The Federal Energy Regulatory Commission has addressed a wide range of issues in its analysis of and request for comments on the design of Regional Transmission Organizations (RTO). The RTO NOPR covers a great deal, and says a great deal, going a long way in defining the minimum characteristics and functions that must be provided in support of an open, reliable, and robust competitive electricity market. However, the NOPR does not go far enough. As is perhaps inevitable in the process with a document intended to address so many contentious issues, some of the most important ideas of the RTO NOPR call out for further development and an unmistakable commitment. The key ideas are there, but they need greater emphasis in the design so as not to be lost in the blizzard of paper that will surely follow. The key ideas are there, but they need greater priority in the schedule so as not to be foreclosed by the unanticipated consequences of seemingly unrelated decisions.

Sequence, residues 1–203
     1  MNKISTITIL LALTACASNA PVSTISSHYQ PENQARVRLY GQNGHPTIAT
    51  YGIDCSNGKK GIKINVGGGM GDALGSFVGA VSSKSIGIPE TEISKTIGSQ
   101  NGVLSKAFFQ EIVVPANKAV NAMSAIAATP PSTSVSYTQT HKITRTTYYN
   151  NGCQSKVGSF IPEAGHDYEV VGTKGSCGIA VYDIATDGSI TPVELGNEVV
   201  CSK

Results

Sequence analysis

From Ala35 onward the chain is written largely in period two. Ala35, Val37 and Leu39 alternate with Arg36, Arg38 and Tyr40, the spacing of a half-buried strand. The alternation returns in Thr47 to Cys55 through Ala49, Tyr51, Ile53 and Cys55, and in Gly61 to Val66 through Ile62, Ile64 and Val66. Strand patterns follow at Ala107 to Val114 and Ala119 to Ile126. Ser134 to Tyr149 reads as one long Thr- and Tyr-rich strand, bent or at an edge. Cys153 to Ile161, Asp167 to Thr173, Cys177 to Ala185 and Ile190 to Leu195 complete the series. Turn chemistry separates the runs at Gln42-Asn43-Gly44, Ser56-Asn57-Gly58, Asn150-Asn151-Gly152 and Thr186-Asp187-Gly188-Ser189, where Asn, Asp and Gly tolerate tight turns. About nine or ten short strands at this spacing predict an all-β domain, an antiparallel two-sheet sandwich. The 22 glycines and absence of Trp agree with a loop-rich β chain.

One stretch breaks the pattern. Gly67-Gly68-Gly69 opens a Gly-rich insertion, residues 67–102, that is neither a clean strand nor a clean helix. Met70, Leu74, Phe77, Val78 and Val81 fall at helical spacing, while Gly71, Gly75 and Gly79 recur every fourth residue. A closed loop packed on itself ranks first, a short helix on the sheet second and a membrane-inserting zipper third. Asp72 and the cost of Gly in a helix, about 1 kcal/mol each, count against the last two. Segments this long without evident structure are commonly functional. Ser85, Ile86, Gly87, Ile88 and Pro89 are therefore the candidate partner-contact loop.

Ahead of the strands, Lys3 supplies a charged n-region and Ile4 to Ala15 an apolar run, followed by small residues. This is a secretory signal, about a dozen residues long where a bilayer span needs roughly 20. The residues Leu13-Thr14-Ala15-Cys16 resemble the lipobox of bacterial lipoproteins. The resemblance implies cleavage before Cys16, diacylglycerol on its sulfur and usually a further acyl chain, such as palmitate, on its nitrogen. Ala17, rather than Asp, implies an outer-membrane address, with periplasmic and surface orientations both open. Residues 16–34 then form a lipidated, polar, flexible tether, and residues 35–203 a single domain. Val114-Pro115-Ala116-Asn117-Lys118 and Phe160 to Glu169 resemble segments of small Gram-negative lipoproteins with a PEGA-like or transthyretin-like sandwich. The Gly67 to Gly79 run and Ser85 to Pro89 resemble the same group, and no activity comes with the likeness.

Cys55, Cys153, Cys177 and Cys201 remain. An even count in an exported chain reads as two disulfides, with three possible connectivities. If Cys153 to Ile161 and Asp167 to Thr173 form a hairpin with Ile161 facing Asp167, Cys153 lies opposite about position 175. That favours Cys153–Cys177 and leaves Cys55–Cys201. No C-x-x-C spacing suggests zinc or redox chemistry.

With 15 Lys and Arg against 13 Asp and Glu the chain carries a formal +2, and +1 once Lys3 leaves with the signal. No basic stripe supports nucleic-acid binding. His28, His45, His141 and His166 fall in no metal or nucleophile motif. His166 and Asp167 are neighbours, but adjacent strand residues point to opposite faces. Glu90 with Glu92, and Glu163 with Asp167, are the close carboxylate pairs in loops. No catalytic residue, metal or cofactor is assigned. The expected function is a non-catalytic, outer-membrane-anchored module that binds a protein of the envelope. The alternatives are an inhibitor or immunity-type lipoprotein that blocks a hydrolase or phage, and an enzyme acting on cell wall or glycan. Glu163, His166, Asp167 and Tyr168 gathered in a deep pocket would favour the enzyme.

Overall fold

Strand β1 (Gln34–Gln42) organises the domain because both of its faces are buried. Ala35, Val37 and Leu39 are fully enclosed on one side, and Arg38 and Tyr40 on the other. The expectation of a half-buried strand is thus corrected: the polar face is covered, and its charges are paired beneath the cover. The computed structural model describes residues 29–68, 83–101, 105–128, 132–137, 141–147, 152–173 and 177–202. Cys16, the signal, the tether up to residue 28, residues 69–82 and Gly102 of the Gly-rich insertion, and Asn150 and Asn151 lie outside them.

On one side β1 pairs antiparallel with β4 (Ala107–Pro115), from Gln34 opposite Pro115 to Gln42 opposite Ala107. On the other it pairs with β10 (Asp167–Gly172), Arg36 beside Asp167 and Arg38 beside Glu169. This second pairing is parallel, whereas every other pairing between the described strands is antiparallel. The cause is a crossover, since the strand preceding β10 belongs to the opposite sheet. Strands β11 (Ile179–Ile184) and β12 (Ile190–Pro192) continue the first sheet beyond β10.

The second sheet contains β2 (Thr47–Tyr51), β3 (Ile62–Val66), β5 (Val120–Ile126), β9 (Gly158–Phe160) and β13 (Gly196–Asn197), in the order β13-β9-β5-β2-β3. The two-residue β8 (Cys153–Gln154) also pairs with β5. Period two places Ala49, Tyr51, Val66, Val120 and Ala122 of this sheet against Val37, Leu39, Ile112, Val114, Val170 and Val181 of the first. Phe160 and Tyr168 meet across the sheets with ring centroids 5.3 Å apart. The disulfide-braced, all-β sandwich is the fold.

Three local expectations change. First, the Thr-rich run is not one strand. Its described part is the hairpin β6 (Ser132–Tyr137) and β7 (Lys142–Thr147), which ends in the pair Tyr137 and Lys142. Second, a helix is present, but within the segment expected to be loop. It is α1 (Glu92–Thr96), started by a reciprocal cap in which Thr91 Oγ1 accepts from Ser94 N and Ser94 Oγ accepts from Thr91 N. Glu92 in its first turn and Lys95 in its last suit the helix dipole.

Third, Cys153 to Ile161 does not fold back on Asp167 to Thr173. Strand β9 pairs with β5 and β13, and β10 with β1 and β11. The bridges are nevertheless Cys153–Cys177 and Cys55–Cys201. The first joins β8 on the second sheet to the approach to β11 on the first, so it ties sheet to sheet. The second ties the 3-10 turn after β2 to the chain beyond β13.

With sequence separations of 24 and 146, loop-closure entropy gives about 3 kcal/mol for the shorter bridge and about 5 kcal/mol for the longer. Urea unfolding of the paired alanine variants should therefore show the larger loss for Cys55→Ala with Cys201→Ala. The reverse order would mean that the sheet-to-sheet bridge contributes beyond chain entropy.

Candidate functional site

While many other issues such as the form of ownership, governance structure, regional boundaries, independence of market participants, or incentive regulation can be significant, they should be fashioned nevertheless only in the service of well-designed market institutions. The fundamental guiding principle of RTO design should be to serve the public interest. A competitive electricity market can be the vehicle for pursuing that public interest, but only if the market structure addresses the particular characteristics of the electricity system with its complex mix of essential facilities and large network externalities. Importantly, the rules for access to essential facilities and pricing, to provide consistent and efficient incentives, are not mere technical details that can be deferred or left themselves to be discovered through the magic of the market.